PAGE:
Ecosystem Restoration: Fact or Fancy?
|Authors:||John A. Stanturf, Callie J. Schweitzer, Stephen H. Schoenholtz, James P. Barnett, Charles K. McMahon, Donald J. Tomszak|
|Type:||Scientific Journal (JRNL)|
|Station:||Southern Research Station|
|Source:||Transactions of the 63rd North American Wildlife and Natural Resources conference; 1998 March 20-25; Orlando, FL. Washington, DC: Wildlife Management Institute: 376-383.|
AbstractEcological restoration is generally accepted as the reestablishment of natural ecological processes that produce certain dynamic ecosystem properties of structure, function, and processes. But restore to what? The most frequently used conceptual model for the restoration process is the shift of conditions from some current (degraded) dynamic state to some past dynamic state, generally that presumed to have occurred prior to European settlement. The authors find an alternative conceptual model more helpful, that of the self-renewal – rehabilitation – restoration continuum. In this model, the state of the forest ecosystem can range from "natural" to "degraded" and can be affected by reversible or irreversible changes. As the forest moves from a natural to a degraded state, the ability of a manager to prevent irreversible changes decreases, and the cost of intervention increases non-linearly. The need for restoration presumes a loss of ecosystem function, for example, by clearing of the forest and conversion to agriculture. A continuum model avoids the problem of precisely specifying an endpoint for restoration, and offers a context for landowners with management objectives other than preservation to contribute to ecosystem restoration.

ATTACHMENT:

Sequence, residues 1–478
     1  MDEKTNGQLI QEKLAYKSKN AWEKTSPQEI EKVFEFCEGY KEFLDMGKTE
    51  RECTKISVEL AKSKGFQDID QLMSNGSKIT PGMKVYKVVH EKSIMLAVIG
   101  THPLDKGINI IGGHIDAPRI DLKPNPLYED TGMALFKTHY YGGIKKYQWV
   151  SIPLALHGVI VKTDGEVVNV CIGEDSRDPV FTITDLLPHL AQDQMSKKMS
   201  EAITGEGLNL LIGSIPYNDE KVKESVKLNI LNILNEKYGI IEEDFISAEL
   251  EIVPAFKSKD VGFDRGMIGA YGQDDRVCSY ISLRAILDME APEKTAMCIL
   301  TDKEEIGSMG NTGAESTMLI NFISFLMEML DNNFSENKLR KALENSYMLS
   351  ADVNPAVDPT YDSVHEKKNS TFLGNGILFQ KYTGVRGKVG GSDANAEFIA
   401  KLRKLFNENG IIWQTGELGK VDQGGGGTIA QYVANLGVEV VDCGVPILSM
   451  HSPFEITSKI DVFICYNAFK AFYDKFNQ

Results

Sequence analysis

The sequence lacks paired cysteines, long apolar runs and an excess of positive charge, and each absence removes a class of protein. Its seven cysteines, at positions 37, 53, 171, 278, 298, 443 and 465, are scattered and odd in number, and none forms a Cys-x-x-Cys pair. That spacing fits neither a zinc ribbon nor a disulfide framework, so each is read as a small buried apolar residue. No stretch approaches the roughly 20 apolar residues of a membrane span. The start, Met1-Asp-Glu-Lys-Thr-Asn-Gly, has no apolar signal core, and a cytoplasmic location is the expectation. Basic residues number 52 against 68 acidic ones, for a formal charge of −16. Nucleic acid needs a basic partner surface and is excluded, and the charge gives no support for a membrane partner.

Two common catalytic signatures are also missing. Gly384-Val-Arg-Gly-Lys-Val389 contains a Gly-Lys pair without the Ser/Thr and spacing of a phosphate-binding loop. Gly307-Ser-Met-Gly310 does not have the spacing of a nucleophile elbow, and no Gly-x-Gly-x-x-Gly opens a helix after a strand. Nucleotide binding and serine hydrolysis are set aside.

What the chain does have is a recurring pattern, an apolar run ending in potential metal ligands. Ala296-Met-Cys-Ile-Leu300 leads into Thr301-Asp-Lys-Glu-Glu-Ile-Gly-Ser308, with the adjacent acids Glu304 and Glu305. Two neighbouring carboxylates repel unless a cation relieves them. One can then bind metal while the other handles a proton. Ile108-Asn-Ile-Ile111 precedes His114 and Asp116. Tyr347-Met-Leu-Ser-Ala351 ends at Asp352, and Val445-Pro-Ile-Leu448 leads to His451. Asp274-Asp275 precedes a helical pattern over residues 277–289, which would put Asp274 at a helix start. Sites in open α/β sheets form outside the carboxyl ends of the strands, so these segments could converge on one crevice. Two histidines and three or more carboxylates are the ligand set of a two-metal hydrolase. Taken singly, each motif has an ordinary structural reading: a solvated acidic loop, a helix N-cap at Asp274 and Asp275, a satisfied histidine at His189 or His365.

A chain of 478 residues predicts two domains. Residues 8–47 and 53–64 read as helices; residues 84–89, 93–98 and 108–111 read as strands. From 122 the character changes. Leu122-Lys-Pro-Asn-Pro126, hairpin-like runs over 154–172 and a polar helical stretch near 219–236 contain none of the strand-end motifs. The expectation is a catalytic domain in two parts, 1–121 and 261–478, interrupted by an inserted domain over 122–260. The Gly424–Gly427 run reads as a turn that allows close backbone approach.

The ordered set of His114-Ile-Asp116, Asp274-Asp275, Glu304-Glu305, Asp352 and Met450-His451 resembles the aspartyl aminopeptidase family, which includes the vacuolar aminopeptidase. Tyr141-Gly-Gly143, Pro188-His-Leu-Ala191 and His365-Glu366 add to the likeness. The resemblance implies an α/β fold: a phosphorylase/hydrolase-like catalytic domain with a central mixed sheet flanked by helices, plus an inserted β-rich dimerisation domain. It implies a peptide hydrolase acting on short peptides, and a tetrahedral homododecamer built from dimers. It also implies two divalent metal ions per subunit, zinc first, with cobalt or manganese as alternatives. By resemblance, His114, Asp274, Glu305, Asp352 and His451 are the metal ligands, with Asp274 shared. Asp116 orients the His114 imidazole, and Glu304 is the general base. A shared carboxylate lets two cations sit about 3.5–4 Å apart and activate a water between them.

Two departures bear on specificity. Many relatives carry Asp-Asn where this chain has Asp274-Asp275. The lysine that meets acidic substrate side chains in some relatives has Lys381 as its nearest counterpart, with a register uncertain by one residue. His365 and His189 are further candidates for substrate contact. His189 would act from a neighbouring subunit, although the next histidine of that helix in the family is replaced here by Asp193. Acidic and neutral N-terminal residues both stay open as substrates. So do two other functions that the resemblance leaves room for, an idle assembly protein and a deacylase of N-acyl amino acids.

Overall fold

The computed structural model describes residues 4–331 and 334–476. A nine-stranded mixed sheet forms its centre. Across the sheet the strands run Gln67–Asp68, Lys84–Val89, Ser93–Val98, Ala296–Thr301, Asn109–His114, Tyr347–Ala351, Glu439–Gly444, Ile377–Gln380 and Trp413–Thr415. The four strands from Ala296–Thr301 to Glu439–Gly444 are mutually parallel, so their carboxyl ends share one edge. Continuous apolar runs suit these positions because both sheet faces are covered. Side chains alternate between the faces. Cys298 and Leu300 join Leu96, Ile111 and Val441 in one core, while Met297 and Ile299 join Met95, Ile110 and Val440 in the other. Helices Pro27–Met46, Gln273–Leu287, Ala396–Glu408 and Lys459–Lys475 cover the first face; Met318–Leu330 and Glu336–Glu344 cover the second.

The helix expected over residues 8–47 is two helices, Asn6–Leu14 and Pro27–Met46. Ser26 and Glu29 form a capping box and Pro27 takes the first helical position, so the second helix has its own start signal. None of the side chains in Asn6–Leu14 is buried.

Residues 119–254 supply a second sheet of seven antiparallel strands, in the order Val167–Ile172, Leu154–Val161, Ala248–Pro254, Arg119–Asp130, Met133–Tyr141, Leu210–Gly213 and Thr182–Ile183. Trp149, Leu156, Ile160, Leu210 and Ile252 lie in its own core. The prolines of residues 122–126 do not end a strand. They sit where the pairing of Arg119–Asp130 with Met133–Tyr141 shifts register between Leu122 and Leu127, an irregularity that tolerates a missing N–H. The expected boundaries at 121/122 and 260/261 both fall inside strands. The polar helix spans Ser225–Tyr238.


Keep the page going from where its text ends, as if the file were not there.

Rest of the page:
Restoration of the myriad communities of bottomland hardwoods and the diverse communities of longleaf pine is the subject of intense interest in the Southern United States. The authors examine some common myths about restoration of these forest ecosystems from the perspective of a continuum model. The potential for restoration of bottomland hardwood ecosystems to the Lower Mississippi River Valley has barely been tapped. If current funding levels are maintained, close to 200,000 ha could be restored over the next decade. The bulk of this will be on private land enrolled in the Wetlands Reserve Program, a Federal incentive program. In contrast to forested wetlands, the major blocks of remaining longleaf pine ecosystems are on public lands, and restoration activities are planned or underway on many of these lands across the South. Private landowners, however, can be voluntary partners in conserving these ecosystems in a mixed ownership mosaic. Much research is in progress to sharpen understanding of the economic as well as the ecological values of longleaf pine and bottomland hardwood ecosystems.